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Arthroscopic Surgery for Jaw Disorders

written by: AngelicaMD • edited by: dianahardin • updated: 5/27/2011

Arthroscopic surgery for the TMJ is currently accepted as a popular alternative to conventional surgery, when medical treatment does not relieve disorders of the jaw. Learn what TMJ disorders are and how they can be treated by this endoscopic procedure.

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    What is The TMJ?

    The temporomandibular joint (TMJ) is the point where the lower jaw, composed of the mandible, and the temporal bone of the skull are joined, forming a movable joint in front of the ear. It is a powerful joint that allows the mouth to open and chewing, talking, yawning and other movements of the lower jaw to take place. Its movement is powered by the dynamic muscles of the cheeks, which are innervated by the trigeminal nerve.

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    Disorders of the TMJ

    TMJ disorders may be a result of trauma to the face and jaw, arthritic conditions or simple muscle spasms, as in jaw clenching or grinding of the teeth. Disorders affecting the joint itself are called internal derangements and may be the result of fractures, dislocations, tumors or degenerative changes in the bones and joint. A few cases are related to other diseases that affect bones and joints, such as Sjogren's syndrome.

    Some disorders may originate from the muscles and ligaments around the joint, in which case they are called Myofascial Pain Syndrome (MPS).

    Because of the many possible causes of TMJ disorder, diagnosis may not be easy.

    Disorders of the TMJ result in pain, limitation of movement and, in some instances, locking of the jaw. Symptoms of TMJ disorders include:

    • Clenching and grinding the teeth
    • Jaw pain, which may be felt at the side of the face, around the cheek, in front of the ear or near the temple; pain may be one-sided or bilateral
    • Pain or difficulty while chewing, opening the mouth and yawning
    • Sore teeth, especially in the morning
    • Jaws popping, clicking and locking during mouth opening
    • Persistent headaches and neck pain

    Diagnosis of TMJ disorders may be obtained from the history and physical examination or by laboratory exams, particularly radiologic imaging. X-ray, CT scan, MRI and arthrography are useful in evaluating the jaw. Arthroscopy, an endoscopic procedure to explore the area inside the jaw may also be performed, to take pictures and evaluate or diagnose the disorder.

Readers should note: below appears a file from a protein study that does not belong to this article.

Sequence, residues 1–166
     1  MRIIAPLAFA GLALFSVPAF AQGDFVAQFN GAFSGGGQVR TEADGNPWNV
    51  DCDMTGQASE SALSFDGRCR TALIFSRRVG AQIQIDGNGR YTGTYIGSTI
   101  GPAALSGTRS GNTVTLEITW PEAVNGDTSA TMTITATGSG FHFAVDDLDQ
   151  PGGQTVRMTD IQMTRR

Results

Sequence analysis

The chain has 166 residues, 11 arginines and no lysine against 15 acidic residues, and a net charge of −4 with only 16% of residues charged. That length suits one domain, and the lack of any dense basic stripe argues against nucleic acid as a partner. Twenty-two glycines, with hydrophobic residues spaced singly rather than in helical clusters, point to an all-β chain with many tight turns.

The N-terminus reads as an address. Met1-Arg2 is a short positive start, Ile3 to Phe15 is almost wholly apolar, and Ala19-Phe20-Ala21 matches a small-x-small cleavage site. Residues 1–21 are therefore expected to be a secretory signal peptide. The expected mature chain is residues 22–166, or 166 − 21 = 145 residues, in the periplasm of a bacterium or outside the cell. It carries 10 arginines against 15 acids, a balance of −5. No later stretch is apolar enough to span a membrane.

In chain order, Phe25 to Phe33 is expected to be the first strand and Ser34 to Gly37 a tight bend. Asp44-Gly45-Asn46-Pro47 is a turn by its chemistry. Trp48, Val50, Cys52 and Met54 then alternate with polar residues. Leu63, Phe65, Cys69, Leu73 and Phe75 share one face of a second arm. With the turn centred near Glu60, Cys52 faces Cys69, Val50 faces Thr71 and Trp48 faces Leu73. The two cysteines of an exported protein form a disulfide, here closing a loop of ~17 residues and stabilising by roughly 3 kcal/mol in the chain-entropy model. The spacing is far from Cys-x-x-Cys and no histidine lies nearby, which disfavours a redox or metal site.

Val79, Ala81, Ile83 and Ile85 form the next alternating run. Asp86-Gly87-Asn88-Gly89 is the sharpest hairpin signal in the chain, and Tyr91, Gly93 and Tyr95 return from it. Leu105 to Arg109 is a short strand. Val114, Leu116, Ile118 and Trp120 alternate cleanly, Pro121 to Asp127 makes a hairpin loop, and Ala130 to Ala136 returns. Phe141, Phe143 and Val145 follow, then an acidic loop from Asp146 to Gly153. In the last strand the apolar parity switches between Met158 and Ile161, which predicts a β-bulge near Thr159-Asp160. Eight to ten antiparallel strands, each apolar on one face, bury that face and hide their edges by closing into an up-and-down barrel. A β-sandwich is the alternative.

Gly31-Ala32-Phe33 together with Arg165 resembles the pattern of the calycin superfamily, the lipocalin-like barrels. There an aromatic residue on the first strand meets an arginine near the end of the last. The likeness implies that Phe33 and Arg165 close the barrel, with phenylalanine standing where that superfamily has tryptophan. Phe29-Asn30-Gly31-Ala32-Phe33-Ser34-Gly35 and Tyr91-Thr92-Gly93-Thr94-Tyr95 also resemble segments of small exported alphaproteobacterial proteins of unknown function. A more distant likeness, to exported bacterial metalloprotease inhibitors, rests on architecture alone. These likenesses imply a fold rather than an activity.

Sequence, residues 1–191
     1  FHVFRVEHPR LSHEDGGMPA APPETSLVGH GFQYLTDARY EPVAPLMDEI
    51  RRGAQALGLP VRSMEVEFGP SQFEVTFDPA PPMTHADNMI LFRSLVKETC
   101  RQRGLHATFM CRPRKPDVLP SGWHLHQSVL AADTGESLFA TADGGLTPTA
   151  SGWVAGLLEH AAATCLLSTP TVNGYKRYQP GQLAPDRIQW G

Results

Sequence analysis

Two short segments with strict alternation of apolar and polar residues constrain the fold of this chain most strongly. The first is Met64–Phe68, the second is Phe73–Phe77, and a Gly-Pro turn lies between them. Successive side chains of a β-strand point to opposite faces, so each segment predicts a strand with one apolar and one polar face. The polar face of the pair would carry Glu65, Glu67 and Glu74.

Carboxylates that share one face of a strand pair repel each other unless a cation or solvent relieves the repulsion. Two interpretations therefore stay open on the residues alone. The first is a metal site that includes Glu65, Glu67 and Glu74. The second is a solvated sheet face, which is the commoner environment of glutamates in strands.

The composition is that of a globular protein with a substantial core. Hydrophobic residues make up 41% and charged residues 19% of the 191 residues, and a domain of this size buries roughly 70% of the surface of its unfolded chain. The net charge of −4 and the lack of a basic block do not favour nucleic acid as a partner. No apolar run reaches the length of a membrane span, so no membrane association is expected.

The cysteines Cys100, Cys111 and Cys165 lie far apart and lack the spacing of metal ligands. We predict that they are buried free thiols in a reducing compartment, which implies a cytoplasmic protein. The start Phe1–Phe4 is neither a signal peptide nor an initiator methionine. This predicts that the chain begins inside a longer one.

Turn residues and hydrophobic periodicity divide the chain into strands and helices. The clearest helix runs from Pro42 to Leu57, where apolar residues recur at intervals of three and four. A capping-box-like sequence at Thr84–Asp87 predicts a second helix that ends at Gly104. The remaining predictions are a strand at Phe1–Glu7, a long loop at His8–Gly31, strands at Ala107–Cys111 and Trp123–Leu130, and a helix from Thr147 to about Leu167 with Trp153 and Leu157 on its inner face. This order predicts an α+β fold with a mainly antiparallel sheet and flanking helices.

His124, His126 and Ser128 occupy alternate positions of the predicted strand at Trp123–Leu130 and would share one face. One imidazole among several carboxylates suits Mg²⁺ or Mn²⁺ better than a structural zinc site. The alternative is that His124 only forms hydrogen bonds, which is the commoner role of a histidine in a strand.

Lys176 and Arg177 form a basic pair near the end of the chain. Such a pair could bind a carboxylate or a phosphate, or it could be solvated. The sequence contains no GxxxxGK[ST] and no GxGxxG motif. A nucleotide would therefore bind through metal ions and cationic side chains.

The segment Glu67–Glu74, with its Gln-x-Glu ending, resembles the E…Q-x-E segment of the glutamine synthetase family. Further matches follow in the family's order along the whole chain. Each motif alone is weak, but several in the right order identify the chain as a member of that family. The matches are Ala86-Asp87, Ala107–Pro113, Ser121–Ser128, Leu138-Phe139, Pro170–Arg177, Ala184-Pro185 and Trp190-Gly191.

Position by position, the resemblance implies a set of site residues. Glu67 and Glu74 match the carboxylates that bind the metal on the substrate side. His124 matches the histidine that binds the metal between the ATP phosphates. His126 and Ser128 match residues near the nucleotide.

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    Arthroscopic Surgery for TMJ

    Medical management using pain relievers, antibiotics and other drugs is usually effective in treating most disorders of the temporomandibular joint and its surrounding structures. Other modalities of treatment include physical therapy, diet modification, stress management and hypnosis. Very few patients will actually need open surgery. Furthermore, an alternative to conventional surgery exists, and this is arthroscopic surgery, which is far less invasive.

    In arthroscopic TMJ surgery, a small (around 3 cm) incision is made to allow a fiber optic camera to pass through the skin and examine the joint and its surrounding structures. The surgeons are able to visualize the operating field on a screen, while inserting and manipulating instruments through the opening. In this procedure an accurate diagnosis can be made, at the same time allowing immediate treatment, which may include repair of ligaments, muscles, nerves and joints. Rinsing of the tissues (lavage) may also be performed during the operation.

    The procedure can last up to three hours, after which the patient will be allowed to recover from anesthesia. He may then go home with a companion and will be able to drink and eat a soft diet. Full recovery usually takes one to three weeks and, depending on the TMJ disorder, he may need physical therapy for full jaw function.

    Because of the simplicity of the procedure, arthroscopy has many benefits, compared to conventional surgery, such as:

    • Less bleeding and infection
    • Smaller incision, less scarring
    • May be done on an out-patient basis, so patient can go home within hours of the operation
    • Less post-operative pain and fewer complications

    The risks of this procedure are similar to any surgery, and the most common is failure to alleviate symptoms. Other risks and complications include bleeding, infection and injury to nerve.

    Many conditions affecting the muscles, ligaments and bones of the jaw can be treated medically; however, there are a few conditions which do not respond to medical therapy and may require surgery. Arthroscopy is a simple and safe mode of treatment for severe pain and dysfunction of the jaw.

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    References

    The University of Texas Medical Branch, “Temporomandibular Joint Disorders," accessed 12/08/10

    http://www.utmb.edu/otoref/Grnds/tmj-1998/tmj.htm

    New York-Presbyterian Hospital, "Arthroscopy for Temporomandibular Joint Disorders" 12/08/10

    http://nyp.org/health/arthroscopy-tmj.html